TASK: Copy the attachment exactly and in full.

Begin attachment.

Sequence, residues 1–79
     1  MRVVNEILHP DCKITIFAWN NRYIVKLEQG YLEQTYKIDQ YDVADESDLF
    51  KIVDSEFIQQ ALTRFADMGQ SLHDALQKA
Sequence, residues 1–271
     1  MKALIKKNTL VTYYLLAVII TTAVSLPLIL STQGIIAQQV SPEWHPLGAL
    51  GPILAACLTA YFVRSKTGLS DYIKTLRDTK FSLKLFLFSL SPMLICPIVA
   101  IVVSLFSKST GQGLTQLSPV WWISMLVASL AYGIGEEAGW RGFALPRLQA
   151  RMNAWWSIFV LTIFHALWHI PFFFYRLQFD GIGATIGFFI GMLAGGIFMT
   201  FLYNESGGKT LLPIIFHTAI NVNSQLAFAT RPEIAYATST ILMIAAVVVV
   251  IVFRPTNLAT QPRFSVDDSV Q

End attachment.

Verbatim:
Sequence, residues 1–79
     1  MRVVNEILHP DCKITIFAWN NRYIVKLEQG YLEQTYKIDQ YDVADESDLF
    51  KIVDSEFIQQ ALTRFADMGQ SLHDALQKA
Sequence, residues 1–271
     1  MKALIKKNTL VTYYLLAVII TTAVSLPLIL STQGIIAQQV SPEWHPLGAL
    51  GPILAACLTA YFVRSKTGLS DYIKTLRDTK FSLKLFLFSL SPMLICPIVA
   101  IVVSLFSKST GQGLTQLSPV WWISMLVASL AYGIGEEAGW RGFALPRLQA
   151  RMNAWWSIFV LTIFHALWHI PFFFYRLQFD GIGATIGFFI GMLAGGIFMT
   201  FLYNESGGKT LLPIIFHTAI NVNSQLAFAT RPEIAYATST ILMIAAVVVV
   251  IVFRPTNLAT QPRFSVDDSV Q